Rostislav Alexeyev built the latter part of his engineering career on ground effect, which is the demonstrable fact that a wing generates more lift and experiences less drag when it's in close proximity to the ground than it does while high in the air. In general aircraft don't take advantage of it when cruising because of the increased risk—the ground is right there—in the event of something going wrong, but Alexeyev was an expert on hydrofoil design and felt that the problem was sufficiently mitigated by flying over water to be worth attacking. Between the Khrushchev era and his death in 1980 he built his largest ekranoplan ("screen plane"), the so-called "Kaspian Monster" (KM: korabl maket, "test vehicle") which met a watery fate in an accident not long after Alexeyev's demise.
If you're the sort of person who's interested in Soviet crewed spaceflight you're probably the sort of person who finds Russian ekranoplans and hydrofoils interesting too, but you may be wondering where the connection is between the two that would cause the latter to show up on a blog devoted to the former. The intersection of this particular Venn diagram is the Albatros, outlined in a remarkable letter to the British Interplanetary Society's Spaceflight magazine, published in 1983.
Long-time readers will recall that the Soviet space program was in disarray for much of the early 1970s, with 1974 being the year of crisis. Vasili Mishin was replaced by Valentin Glushko< <https://falsesteps.wordpress.com/2012/09/26/chief-designers-1-valentin-glushko/> https://falsesteps.wordpress.com/2012/09/26/chief-designers-1-valentin-glushko/> as the man in charge, and officials higher than him forced a change in focus from Moon missions to a space shuttle and space stations. For a period of time everything was in the air, and as was endemic to the Soviet space effort various other empire builders tried to get themselves a piece of the pie.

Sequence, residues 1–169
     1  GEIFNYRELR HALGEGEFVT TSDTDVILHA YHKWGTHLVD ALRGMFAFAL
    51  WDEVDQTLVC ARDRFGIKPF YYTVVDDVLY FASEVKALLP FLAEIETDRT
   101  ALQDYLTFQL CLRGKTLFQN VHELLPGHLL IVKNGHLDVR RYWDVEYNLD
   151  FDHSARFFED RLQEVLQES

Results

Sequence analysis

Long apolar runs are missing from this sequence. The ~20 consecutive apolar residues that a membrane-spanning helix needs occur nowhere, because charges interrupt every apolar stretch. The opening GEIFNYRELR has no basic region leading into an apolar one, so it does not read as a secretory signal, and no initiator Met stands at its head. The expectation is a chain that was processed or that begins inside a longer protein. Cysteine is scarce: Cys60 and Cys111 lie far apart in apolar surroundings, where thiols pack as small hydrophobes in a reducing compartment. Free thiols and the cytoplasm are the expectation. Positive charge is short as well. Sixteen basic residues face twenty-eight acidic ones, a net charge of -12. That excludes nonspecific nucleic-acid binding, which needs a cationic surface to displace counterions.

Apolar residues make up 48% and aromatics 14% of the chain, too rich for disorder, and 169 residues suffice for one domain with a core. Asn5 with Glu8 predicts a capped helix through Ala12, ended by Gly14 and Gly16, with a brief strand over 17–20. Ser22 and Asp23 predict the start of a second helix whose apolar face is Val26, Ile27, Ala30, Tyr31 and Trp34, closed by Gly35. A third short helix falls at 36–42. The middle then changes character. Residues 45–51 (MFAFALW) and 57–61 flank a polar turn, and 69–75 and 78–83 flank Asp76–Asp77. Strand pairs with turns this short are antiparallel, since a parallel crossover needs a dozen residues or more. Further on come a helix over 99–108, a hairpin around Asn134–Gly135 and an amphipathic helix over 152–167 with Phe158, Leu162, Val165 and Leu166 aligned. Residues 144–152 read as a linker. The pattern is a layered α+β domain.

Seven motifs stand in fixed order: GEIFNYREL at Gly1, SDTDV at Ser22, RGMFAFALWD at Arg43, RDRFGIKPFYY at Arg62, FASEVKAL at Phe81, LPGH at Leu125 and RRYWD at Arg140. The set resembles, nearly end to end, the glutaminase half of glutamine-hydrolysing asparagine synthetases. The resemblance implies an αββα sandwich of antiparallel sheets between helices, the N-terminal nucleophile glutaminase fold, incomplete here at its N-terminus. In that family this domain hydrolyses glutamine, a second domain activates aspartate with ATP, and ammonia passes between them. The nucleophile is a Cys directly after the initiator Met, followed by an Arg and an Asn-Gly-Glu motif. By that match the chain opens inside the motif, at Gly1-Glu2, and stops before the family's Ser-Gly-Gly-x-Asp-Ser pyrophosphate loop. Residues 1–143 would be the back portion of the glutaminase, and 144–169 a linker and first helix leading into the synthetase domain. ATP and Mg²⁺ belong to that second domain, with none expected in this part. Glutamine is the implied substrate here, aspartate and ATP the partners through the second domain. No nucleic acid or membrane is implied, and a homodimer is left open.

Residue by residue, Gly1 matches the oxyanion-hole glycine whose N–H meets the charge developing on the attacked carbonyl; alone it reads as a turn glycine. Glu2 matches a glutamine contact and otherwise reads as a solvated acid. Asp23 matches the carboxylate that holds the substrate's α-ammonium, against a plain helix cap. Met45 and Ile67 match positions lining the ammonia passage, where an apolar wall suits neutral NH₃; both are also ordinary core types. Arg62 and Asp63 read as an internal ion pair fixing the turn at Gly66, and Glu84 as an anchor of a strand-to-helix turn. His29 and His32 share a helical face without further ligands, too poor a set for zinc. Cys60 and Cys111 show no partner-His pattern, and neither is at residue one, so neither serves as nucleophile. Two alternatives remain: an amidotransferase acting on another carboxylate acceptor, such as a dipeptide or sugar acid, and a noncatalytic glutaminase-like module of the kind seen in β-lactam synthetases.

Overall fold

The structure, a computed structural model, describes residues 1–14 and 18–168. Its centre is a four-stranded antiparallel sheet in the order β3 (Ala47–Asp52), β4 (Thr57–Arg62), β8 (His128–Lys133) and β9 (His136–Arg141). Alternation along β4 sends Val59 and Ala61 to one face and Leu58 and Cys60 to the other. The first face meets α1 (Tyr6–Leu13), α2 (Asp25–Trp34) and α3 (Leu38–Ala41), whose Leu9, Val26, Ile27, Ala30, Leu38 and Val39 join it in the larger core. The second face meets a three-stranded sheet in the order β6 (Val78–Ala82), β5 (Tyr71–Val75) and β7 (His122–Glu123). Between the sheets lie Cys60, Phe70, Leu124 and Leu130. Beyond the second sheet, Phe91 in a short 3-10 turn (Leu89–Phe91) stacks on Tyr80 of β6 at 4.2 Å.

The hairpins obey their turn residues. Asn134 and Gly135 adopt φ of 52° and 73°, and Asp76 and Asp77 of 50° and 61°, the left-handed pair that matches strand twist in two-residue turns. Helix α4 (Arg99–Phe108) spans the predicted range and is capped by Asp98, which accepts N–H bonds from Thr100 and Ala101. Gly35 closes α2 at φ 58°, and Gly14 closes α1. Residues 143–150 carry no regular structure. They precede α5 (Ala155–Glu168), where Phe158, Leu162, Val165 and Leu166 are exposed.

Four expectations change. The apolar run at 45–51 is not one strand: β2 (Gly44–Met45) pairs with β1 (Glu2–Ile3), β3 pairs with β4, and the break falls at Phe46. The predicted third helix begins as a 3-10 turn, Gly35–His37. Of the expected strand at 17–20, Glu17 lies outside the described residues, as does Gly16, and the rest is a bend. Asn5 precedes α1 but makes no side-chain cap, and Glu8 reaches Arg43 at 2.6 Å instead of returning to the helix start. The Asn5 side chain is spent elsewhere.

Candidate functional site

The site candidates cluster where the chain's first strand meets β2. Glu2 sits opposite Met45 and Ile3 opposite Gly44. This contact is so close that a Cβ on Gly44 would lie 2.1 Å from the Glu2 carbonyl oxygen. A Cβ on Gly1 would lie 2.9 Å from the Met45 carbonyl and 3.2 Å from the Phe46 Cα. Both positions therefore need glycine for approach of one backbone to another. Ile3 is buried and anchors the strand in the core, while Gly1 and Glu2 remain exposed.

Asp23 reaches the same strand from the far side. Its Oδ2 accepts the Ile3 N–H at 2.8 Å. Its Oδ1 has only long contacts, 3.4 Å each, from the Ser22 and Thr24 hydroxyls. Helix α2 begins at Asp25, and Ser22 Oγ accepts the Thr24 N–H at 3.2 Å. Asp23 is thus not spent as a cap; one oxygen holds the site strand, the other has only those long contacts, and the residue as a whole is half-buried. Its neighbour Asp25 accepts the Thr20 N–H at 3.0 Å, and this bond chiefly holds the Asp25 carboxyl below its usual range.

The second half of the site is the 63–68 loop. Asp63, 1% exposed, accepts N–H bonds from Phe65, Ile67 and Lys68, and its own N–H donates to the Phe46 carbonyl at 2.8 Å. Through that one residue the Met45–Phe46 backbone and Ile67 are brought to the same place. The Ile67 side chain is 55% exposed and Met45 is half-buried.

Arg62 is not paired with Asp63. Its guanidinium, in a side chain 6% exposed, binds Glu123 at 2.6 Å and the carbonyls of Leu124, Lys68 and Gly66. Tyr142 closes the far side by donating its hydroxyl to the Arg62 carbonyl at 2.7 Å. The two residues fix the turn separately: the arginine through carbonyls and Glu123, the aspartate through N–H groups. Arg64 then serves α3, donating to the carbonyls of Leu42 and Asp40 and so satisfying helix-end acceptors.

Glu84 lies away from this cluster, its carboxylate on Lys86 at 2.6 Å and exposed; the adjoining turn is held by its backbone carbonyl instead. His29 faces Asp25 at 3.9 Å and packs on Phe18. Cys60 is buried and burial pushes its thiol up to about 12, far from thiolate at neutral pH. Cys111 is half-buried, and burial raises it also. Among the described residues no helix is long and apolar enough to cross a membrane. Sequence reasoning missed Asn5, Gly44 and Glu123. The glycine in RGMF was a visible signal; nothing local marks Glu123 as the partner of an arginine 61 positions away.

The design bureau of OKB-51 lurked on the edges of the Russian space program right from the very beginning, but never managed to convert its expertise in high-performance aircraft into any concrete projects. In 1974 they teamed with Alexeyev's Central Hydrofoil Design Bureau to make a claim on the shuttle project, as at the time it was not yet settled that the Soviets would emulate the American Space Shuttle closely to produce Energia< <https://falsesteps.wordpress.com/2012/09/12/energiavulkan-the-last-big-rocket/> https://falsesteps.wordpress.com/2012/09/12/energiavulkan-the-last-big-rocket/>/Buran (consider, for example, Glushko's MTKVP< <https://falsesteps.wordpress.com/2012/10/06/mtkvp-glushkos-opening-gambit/> https://falsesteps.wordpress.com/2012/10/06/mtkvp-glushkos-opening-gambit/>, which also dates to the same time). Their proposal was named Albatros, and it's, so long as the source, space historian and writer Neville Kidger, got his Cold War information right, the only triphibious spaceplane ever proposed, requiring both water and air to get into orbit and land for its return